When you say
\showthe\dimen0 instruction will answer
because this is what 1sp looks like when shown in points.
What happens? TeX does binary arithmetic, deep down inside the program. The number you input is recognized as greater than zero (one should look into the program code) and so the dimension is set to the smallest positive one.
\skip0=0pt plus 0.000007629394531250fill \showthe\skip0
> 0.0pt plus 0.00002fill.
so never is a positive dimension less than 1sp used. The value you input can appear less than 1sp, but the value that TeX uses is 1sp.
The conversion from decimal number to scaled integer is described in module 102 of
tex.web; the integral part is just multiplied by 65536, so it's only interesting for numbers in the form 0.d0d1…dk–1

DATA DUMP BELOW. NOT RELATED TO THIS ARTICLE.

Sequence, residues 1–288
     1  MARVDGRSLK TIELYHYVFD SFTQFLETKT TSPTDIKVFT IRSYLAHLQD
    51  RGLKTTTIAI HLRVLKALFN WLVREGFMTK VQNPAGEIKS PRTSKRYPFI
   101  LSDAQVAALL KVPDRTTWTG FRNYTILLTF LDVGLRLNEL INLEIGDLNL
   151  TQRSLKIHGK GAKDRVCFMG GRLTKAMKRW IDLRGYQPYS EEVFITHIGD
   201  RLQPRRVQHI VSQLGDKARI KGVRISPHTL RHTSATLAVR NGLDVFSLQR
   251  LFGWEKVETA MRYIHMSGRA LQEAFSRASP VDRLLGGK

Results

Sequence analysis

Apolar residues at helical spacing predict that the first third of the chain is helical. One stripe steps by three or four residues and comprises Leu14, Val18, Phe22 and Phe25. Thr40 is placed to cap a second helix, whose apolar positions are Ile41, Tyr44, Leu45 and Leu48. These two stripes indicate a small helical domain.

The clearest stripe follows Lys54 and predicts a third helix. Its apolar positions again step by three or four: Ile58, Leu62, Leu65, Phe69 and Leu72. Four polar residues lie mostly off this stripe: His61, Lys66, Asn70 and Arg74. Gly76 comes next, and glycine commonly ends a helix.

The final scaled integer is stored in a which is initialized as 0. Then we start from the far right and at each step a is assigned the result of
(a + di * 217) div 10
Finally, a is assigned the value (a + 1) div 2 (with truncation)
If we carry out this algorithm, we get the following numbers as values of a (in parentheses the digit examined)
final step (1+1) div 2 = 1
The div operation works by truncation.
I leave as an exercise to show that 0.0000152587890625 = 2–16 produces 1 as well and that 0.000007629394531249 produces 0 instead.
As you see, the algorithm uses 217 to ensure 16 bit precision of the fractional part.